First 3 Human Cases of West Nile Virus Found in DE


Delaware has it’s first 3 cases of West Nile Virus in humans – all are in New Castle County. Delaware Public Health officials say all three cases are in men aged 50 and older. They were all hospitalized due to infection from the mosquito-borne illness and it’s believed that all three contracted the illness locally – however the investigation is on-going. DNREC will increase surveillance efforts of mosquito populations in the areas of the infected men’s homes and officials add that these human cases coincide with an uptick in West Nile Virus activity in the sentinel chicken monitoring program. DPH officials say mid-August to mid-October is the peak period for disease transmissions.

Additional information from DPH:

WNV is a mosquito-borne illness that can cause serious health problems. WNV is transmitted by mosquitoes, generally in summer and fall, with a peak period for disease transmissions from mid-August to mid-October. Nearly 80 percent or four in five people infected with WNV will not become ill. While only a little less than 20 percent of those infected with the virus will develop West Nile fever with mild symptoms (fever, headache, body aches, a skin rash on the chest or back and swollen lymph glands), one in 150 people infected will develop severe infection (West Nile encephalitis or meningitis).   

Symptoms of severe WNV infection include headache, high fever, stiff neck, and/or tremors and muscle weakness. The elderly and those with weakened immune systems are most at risk. Anyone who experiences any of these severe symptoms should seek medical help immediately. Symptoms may progress to stupor, disorientation, coma, convulsions, paralysis and possibly death.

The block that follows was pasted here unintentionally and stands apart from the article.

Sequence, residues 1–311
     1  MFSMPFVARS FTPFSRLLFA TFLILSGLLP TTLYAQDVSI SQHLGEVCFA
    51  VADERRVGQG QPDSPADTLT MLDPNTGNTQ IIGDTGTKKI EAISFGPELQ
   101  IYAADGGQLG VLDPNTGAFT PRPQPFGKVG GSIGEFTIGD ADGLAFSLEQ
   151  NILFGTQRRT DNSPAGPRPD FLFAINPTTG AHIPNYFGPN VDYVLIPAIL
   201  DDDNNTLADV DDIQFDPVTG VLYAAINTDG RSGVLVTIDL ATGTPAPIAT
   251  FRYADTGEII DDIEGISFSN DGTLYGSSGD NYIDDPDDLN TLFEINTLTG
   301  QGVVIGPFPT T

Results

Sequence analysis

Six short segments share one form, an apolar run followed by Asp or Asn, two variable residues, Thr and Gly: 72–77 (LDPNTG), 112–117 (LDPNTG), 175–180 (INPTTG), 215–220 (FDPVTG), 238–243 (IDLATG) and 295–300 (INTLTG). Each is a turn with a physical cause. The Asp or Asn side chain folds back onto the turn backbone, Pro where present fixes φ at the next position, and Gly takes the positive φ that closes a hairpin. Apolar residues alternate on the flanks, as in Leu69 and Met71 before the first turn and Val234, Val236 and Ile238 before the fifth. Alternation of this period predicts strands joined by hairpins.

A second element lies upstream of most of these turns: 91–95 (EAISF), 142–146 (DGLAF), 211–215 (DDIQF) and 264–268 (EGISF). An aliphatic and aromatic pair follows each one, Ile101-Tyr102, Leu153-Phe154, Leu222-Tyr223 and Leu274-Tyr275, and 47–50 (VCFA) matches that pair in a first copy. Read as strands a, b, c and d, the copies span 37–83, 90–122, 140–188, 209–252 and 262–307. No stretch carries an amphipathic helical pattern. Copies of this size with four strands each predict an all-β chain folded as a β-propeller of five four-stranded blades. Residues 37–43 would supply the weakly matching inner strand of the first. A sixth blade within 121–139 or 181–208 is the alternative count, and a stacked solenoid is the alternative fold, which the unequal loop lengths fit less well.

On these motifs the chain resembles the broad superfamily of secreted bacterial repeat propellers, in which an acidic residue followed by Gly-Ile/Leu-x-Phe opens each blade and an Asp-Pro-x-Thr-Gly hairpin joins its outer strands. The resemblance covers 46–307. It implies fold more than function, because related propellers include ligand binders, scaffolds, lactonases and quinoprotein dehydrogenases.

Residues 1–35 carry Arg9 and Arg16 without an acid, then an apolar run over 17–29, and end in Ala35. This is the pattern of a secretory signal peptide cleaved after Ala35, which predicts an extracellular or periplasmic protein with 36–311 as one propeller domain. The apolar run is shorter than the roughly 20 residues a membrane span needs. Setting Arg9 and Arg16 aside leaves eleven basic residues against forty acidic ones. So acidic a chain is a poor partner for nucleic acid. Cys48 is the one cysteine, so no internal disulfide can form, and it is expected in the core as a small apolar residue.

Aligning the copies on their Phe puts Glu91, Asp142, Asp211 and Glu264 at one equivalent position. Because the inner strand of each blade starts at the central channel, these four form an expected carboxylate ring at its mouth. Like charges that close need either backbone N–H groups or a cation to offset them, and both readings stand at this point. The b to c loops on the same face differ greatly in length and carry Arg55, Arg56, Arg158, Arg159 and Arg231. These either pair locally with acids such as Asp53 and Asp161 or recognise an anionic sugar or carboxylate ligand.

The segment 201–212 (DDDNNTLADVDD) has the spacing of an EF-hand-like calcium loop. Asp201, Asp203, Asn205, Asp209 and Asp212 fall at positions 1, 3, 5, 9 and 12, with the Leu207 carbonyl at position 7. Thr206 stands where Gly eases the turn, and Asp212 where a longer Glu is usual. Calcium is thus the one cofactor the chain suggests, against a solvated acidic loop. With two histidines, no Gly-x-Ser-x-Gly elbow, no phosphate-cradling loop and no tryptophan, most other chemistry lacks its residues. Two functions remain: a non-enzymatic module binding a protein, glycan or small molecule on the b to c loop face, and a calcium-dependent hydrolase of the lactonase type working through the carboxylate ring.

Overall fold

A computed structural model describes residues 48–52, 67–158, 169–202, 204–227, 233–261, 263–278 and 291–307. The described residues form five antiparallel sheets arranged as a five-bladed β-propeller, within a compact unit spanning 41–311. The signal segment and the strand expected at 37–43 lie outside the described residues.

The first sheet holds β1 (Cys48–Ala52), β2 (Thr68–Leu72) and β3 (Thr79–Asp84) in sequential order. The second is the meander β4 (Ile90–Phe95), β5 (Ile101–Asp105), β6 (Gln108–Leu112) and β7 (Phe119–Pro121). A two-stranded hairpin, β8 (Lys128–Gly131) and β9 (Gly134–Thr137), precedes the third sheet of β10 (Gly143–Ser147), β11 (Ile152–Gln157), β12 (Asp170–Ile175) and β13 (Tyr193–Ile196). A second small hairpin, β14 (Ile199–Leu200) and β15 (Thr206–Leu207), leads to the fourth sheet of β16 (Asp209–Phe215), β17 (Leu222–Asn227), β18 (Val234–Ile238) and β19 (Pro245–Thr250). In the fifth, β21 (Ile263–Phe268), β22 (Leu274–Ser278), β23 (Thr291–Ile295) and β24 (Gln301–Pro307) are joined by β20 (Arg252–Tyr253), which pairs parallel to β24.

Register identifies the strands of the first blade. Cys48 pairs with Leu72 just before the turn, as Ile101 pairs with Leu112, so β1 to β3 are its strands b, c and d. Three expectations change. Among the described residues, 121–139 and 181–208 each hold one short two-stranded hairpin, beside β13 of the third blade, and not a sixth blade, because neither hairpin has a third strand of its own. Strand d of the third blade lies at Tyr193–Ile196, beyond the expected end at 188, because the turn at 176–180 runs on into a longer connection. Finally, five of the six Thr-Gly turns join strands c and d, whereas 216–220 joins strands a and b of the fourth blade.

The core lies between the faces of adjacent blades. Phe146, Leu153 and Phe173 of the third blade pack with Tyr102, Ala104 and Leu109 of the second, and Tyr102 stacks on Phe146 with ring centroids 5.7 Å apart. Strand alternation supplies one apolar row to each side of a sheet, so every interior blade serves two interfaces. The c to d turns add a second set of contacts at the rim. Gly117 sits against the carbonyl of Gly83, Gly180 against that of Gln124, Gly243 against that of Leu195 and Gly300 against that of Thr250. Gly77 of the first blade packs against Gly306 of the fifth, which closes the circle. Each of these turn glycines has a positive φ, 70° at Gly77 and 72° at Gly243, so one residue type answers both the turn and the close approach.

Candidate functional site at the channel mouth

The mosquitoes that cause WNV bite primarily from dusk (evening) to dawn (morning). However, other mosquitoes that transmit diseases such as chikungunya, dengue fever and Zika can bite during the day. Applying insect repellent for personal protection is important whenever going outdoors. Wearing light-colored, long-sleeved shirts and pants is also recommended as a deterrent against mosquito bites. DPH and the DNREC Mosquito Control Section also advise reducing outdoor activities that can cause heavy breathing or excessive perspiration, not wearing perfumes or colognes, and using mosquito repellents that may contain the ingredients DEET or Picaridin in accordance with product label instructions. Additionally, Delaware residents and landowners should eliminate an unneeded standing water on their property that might exist for four or more consecutive days and that acts as mosquito breeding habitat. 

To report suspected cases of human WNV, call the Division of Public Health Office of Infectious Disease Epidemiology toll-free at 888-295-5156.   

For information on mosquito control operations in Delaware, including contact information to request residential control service for biting mosquitoes, visit  

For more information on West Nile Virus, visit